Banking rescue stuns Spanish press
Spain's 100-billion-euro ($125-billion) banking rescue stunned the press, whose front pages Sunday blared the word "rescue" and tried to explain Madrid's dramatic U-turn.
“Rescue for Spain” blared the leading daily El Pais.
“Spain, finally, will be rescued,” it said, after an accord that defied repeated denials by Prime Minister Mariano Rajoy’s government that the banks had any need of external help.
The paper said eurozone powers that agreed the deal were also saving themselves.
“Without yesterday’s bold decision not only would the Spanish banks and Spain as a whole have faced bankruptcy, but also the common currency, still waiting for the decisive Greek elections next Sunday, would have been condemned to break up and disappearance,” it said.
“This tragedy, for the moment, has been averted.”
It could not resist a dig at the prime minister, however, for not addressing the country.
“Rajoy yesterday lost a great opportunity to explain everything to the citizens on an historic, although painful, day for the Spanish people,” the paper said.
Catalonia’s regional daily El Publico simply headlined: “Rescue under pressure”.
But other newspapers sought to put a positive spin on the news.
“Rescue without humiliation,” said the conservative daily El Mundo.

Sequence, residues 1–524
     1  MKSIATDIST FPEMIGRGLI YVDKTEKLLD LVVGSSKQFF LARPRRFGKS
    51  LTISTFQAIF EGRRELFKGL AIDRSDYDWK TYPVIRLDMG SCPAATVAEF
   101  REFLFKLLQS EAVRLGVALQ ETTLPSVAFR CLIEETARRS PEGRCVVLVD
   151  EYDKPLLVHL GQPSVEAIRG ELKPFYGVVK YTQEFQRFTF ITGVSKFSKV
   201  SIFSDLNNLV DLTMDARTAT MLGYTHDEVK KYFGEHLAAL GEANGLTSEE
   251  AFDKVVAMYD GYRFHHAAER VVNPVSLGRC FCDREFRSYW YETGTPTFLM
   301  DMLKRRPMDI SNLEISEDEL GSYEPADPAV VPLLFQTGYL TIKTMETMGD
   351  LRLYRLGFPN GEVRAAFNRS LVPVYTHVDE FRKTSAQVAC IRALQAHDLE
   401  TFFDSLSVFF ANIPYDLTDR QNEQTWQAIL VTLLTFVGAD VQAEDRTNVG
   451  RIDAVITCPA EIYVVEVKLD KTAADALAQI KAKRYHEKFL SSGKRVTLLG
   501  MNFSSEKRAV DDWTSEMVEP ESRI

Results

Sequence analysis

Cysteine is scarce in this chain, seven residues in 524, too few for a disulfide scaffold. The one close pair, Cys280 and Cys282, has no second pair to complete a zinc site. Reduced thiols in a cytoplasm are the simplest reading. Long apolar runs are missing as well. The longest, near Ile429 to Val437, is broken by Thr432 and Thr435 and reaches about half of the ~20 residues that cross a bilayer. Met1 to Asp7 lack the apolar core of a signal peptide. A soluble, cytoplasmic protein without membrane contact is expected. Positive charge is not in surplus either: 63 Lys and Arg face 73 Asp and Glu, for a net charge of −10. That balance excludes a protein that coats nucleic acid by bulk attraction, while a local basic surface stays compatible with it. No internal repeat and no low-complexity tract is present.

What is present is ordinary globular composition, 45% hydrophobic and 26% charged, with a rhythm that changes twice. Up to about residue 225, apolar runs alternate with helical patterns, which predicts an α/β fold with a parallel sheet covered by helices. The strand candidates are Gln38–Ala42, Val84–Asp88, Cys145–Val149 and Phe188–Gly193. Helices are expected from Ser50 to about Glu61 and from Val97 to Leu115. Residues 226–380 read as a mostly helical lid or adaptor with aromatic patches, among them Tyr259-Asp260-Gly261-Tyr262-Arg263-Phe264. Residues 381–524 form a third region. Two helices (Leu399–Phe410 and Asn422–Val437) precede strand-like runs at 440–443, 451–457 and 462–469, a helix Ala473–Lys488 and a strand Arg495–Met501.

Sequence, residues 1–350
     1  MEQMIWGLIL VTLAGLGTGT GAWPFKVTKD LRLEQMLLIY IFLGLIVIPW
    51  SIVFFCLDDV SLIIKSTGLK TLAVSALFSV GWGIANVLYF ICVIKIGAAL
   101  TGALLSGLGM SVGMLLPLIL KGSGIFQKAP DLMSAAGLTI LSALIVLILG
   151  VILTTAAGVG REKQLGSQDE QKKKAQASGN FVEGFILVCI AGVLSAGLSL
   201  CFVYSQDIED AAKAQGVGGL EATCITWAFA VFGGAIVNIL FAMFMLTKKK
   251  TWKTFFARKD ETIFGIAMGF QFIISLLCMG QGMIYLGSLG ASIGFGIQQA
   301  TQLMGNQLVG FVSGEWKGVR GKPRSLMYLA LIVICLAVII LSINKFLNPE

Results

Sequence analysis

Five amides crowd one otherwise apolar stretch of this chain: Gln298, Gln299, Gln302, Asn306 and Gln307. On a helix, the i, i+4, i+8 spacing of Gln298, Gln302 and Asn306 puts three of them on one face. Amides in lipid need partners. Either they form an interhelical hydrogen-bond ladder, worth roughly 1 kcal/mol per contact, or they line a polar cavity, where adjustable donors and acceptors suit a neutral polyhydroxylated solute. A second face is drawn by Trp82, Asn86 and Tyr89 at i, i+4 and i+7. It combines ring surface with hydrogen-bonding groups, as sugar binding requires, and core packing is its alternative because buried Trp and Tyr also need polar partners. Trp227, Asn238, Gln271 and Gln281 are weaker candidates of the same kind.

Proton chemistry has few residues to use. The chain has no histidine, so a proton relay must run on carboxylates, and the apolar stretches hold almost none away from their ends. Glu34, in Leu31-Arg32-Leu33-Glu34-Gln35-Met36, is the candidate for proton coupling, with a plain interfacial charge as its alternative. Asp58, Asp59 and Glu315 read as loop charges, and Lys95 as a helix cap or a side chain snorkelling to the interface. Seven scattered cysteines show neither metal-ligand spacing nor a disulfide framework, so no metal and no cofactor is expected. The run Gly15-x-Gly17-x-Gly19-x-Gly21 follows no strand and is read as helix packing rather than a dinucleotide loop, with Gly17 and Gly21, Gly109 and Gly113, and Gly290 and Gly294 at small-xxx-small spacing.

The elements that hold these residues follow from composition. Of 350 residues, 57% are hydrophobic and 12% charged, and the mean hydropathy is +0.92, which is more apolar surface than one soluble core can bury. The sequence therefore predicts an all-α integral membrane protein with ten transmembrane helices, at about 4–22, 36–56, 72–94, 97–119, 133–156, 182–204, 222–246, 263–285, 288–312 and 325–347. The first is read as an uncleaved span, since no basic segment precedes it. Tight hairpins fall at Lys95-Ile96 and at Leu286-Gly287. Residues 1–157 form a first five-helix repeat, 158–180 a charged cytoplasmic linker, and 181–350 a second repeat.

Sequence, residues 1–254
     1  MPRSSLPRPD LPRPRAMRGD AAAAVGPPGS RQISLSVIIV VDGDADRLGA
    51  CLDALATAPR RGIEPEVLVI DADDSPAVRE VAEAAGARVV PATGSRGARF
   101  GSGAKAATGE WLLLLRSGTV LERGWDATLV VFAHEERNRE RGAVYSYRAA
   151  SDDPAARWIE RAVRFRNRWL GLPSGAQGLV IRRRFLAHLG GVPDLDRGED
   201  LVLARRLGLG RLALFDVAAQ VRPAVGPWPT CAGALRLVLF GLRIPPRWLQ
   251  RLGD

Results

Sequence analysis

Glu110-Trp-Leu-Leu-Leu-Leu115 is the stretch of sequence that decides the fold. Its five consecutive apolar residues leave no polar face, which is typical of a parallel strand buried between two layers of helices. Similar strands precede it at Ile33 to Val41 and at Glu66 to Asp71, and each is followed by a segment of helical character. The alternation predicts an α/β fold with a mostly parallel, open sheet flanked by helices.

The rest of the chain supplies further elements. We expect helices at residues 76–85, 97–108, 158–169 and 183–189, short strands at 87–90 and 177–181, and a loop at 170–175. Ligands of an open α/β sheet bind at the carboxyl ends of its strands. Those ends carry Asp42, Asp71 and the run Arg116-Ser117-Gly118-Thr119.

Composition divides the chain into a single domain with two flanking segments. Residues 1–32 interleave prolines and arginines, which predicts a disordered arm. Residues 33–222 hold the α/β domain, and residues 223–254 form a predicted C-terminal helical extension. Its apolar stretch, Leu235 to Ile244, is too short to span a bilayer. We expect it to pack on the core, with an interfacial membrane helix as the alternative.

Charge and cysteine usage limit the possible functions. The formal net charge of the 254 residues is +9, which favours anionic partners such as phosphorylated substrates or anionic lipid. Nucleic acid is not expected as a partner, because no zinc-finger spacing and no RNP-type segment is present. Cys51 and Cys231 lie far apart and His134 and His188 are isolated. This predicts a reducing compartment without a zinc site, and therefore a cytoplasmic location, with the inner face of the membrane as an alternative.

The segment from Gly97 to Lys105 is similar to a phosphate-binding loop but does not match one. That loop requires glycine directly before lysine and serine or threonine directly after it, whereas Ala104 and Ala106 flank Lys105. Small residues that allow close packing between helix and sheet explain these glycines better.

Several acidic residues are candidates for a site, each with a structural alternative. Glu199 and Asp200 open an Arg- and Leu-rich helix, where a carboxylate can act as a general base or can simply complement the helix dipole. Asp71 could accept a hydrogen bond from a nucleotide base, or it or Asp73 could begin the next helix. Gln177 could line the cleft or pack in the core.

“If the news is bad in itself, the government’s poor communication helped to make it look a bit worse. Just over a week ago, Rajoy said emphatically that Spain does not need this aid. And just hours before announcing it, the government carried on denying,” the paper said.
But Spain’s situation was not the same as that of the bailed-out nations Ireland, Portugal and Spain, El Mundo insisted, neither in the size of the programme as a proportion of economic output nor in the conditions.
Madrid managed to avoid the tough conditions imposed in the previous eurozone rescues, it said.
“Although it is true that the government has not got what it wanted, it managed to save Spain from an intervention in the strict sense, and thus from the humiliation,” the paper argued.
Nevertheless, the paper said, it was bitter medicine.
“It is not right to talk about a sweet rescue because any rescue implies a failure but the government at least managed to ensure that the bitter medicine was prescribed with artificial sweetener,” it said.
The conservative ABC was the only major daily not to use the word “rescue” on the front page, headlining instead: “Europe will finance the banks without conditions for Spain.”
“Patience bore fruit. Mariano Rajoy’s government, which stoically resisted pressure from its European partners to ask for a rescue, yesterday formally requested European aid to inject money into Spanish banks,” ABC said.
“An aid that, as the Spanish executive wanted, does not suppose conditions for the citizens nor for Spain. It only has requirements for the rescued banks.”
Even sporting dailies found a way to use the rescue word on front pages devoted to the Euro 2012 football tournament by praising the Spain team, known as the Reds.
“Reds come to the rescue” of a competition judged disappointing so far, headlined rival sports papers AS and Mundo Deportivo.
Despite the positive consequences of a banking lifeline, it is still a “hard blow psychologically,” admitted El Pais.
“In a country where national identity and feelings of collective self esteem have always been tightly linked to successes in Europe, it is incredible that we have come to this,” it said.